It’s puzzling and scary for Ryan’s parents. It seemed as if overnight their once happy, social 10 year old did not want to leave home to go to school, or go out and play with friends the way he used to. Ryan can’t explain it himself. “I just get nervous about it and then my stomach hurts, I get cramps, and feel like I have to go to the bathroom.” Now Ryan worries about getting a stomachache whenever he’s away from home.
Tiara who is 11 was always a shy, cautious child who had separation anxiety every year when school first started, but managed to eventually adjust. But this year, she’s having a tough time with math and the homework load often overwhelms her. Tiara worries almost all the time about school and that she may be called on to go to the board to do a math problem, or that she’ll never be able to understand the homework. Though she goes to school without complaint, Tiara suffers in silence.
Symptoms of Anxiety Pack a Wallop
Both Ryan and Tiara are developing chronic anxiety. And once a child experiences the uncomfortable symptoms of anxiety, and it happens over and over again, it’s understandable why they don’t want to go out the door. First the physical symptoms of anxiety are powerful and disturbing:
- It starts with a heart-pounding adrenaline rush which includes other stress hormones.
- Breathing becomes rapid and shallow making it tough to catch your breath, often leading to feelings of being smothered or trapped.
- Dizziness, numbness and feeling faint are common symptoms.
- Muscles tense causing headaches, or chest pain and body aches.
- Voiding of bowel and bladder occurs, causing cramps, nausea, vomiting and diarrhea.
- Sweating occurs as the body cools itself, a hot flush may occur too.
The mental symptoms pack a punch, too, playing havoc with cognitive functioning making it difficult to think clearly, reason and learn. Anxious children may complain about feeling frightened, helpless, and out of control. Some kids feel like they are having an out of body experience, others get angry or feel ashamed and isolated.
Symptoms vary from mild to severe, but even milder symptoms can be distressful. Avoiding places and situations often seems like the only option for an anxious child. Look at it from Ryan’s point of view. He says to his parents, “If I go to school or a friend’s house I may get a stomachache, but when I stay home I feel better.” Tiara feels better on Friday afternoons. . “On Friday after school I can take a break and not have to think about math or school at all.” But when Sunday afternoon comes around, Tiara begins to worry about Monday morning and her anxiety starts to build.
Worry is a Culprit
A main ingredient of anxiety is worry: thinking or obsessing about past experiences and worrying that they will happen again. When Tiara thinks about being in school she replays embarrassing moments in class when she couldn’t work out a math problem on the board, or failed a math test. Then she projects those memories into the future: “What if my teacher calls me to the board?” “What if we have a math quiz again?” Ryan worries too. “What if my stomach hurts and I feel like diarrhea in class and I can’t leave the room?” “What if it happens at a friend’s house?” And it’s worry that jump starts the fight or flight–one ounce of worry and the symptoms are raging.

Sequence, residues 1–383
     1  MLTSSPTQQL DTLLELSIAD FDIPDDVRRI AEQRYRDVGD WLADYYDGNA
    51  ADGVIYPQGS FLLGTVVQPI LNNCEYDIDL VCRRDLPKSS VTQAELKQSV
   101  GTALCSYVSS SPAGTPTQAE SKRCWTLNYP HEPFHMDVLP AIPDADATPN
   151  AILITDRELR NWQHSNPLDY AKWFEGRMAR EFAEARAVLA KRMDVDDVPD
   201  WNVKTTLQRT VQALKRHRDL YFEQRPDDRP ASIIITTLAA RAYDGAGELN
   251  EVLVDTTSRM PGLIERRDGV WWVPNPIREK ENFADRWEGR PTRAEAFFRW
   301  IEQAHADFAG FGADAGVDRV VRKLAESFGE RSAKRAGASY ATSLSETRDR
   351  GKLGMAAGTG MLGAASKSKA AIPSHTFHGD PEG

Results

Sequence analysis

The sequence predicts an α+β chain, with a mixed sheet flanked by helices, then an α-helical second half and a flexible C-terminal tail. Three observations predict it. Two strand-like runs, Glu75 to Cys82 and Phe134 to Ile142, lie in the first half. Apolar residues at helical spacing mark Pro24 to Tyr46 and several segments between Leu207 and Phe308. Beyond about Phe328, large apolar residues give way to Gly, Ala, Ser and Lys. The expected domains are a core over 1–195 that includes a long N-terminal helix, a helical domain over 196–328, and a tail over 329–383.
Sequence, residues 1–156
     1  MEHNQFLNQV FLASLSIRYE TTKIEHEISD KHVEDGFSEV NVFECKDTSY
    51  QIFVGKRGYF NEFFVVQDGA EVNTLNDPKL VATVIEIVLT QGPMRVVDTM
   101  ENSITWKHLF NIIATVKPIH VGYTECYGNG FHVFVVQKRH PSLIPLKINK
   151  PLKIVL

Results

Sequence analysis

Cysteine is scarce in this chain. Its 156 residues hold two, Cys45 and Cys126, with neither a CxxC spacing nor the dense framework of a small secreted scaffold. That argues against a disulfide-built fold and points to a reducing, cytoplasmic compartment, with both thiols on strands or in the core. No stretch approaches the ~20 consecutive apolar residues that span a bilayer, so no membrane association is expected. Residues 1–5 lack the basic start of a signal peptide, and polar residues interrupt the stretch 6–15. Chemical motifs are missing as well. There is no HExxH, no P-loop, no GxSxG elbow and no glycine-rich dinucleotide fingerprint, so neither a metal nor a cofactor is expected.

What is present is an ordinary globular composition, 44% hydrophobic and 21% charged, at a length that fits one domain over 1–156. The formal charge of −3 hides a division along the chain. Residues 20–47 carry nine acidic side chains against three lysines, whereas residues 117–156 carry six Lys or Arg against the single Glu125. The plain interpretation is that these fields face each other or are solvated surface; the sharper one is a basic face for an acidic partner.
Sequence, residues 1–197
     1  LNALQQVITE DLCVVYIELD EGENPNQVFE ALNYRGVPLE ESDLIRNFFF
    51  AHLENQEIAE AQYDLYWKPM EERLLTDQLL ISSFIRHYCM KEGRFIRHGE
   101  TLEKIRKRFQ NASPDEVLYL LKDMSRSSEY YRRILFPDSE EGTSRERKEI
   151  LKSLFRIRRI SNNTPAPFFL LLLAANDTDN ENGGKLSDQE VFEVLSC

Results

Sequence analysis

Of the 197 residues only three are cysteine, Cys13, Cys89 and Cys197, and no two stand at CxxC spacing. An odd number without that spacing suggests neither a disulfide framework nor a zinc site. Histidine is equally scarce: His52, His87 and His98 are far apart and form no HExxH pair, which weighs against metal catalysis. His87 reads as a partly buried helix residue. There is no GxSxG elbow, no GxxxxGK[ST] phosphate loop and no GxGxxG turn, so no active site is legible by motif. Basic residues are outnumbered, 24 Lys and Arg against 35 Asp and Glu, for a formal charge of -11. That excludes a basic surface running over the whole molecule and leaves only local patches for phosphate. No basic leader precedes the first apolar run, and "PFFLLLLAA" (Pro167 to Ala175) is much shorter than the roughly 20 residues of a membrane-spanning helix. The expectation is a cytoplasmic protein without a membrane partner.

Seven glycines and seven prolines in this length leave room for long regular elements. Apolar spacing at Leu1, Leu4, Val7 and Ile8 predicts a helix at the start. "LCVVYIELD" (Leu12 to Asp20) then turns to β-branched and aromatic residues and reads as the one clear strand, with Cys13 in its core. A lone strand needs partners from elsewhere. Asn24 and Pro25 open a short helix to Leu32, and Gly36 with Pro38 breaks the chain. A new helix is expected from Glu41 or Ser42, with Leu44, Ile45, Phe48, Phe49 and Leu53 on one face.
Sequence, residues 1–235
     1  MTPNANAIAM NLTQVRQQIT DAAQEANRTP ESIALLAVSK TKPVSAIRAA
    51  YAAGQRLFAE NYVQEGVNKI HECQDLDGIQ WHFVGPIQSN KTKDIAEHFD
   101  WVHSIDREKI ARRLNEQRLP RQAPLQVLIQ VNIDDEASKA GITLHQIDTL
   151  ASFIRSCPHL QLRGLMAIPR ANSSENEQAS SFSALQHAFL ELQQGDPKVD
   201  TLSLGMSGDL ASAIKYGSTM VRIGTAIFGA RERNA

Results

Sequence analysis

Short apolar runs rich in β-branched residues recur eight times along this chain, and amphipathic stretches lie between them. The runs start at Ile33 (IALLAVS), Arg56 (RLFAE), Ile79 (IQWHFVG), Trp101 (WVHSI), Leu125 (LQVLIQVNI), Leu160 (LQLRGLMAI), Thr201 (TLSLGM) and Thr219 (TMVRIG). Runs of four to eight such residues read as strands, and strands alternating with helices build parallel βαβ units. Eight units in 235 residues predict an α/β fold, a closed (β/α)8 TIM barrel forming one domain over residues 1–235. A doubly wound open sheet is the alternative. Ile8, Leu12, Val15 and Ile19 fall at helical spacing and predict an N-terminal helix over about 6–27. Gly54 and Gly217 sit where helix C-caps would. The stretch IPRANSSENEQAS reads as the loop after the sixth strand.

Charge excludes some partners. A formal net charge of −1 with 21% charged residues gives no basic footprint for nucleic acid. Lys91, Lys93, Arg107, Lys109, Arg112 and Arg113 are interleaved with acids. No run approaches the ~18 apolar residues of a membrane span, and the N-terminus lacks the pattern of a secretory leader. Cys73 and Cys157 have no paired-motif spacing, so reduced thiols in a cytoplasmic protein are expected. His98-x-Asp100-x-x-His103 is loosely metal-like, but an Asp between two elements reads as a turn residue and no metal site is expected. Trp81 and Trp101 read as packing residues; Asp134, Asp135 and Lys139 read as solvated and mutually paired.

What’s Happening to Me? It’s the Fight or Flight
A first crucial step in helping your tween is to explain why the symptoms are occurring. Symptoms occur because of something called the “fight or flight response” that is an alarm system located in the nervous system. It warns the body of physical danger and activates a reaction to avoid injury or death. In anxious children, this alarm goes off when a perception of danger is present, for example a math test. It’s only a false alarm though because the brain cannot distinguish between a real physical threat to life and limb, or to the fear of something benign.
The fight or flight has allowed humans to survive to this day. But its purpose is to act as a short-term response to a physical threat, not as a continuous state of mind and body leading to chronic anxiety. And when your child’s fight or flight revs up while she’s taking a test, or sitting in the classroom, there’s no outlet for this response, no relief, no running away, no battle to win. Your child has to sit there trying to deal with an internal hurricane.
The False Alarm Explanation
An easy way to explain the fight or flight is by using a home smoke detector. Show your child that you can set off the smoke detector either by frying something in the kitchen or by pushing the button on the detector. Say, “See, the detector thinks there is a fire and the alarm is going off, even though there is no fire. But the detector doesn’t know we’re fooling it. It gets the message that a fire is occurring and does its job. That’s what happens to your brain, it thinks the math test (or other fear) you’re worrying about is a real physical danger and the alarm goes off to protect you.”
When Ryan understood what the fight or flight was, and he began to make his way out to play with friends again, when he felt anxiety begin he learned to say to himself, “I don’t like the way I feel but it’s nothing more than an adrenaline rush.” This helped him to take control of his fears of the symptoms. Hearing the false alarm explanation helped Tiara too. When she felt anxious she pictured little firemen (or firegirls) running around inside of her, seeing no fire, and turning off the alarm.
In the end, for many children it’s the fear of the symptoms that turns anxiety into a chronic condition and makes kids want to feel better and safe by staying home. Also tell your child, “I know that what you feel is disturbing and can be frightening, but these are just feelings and they can’t hurt you.”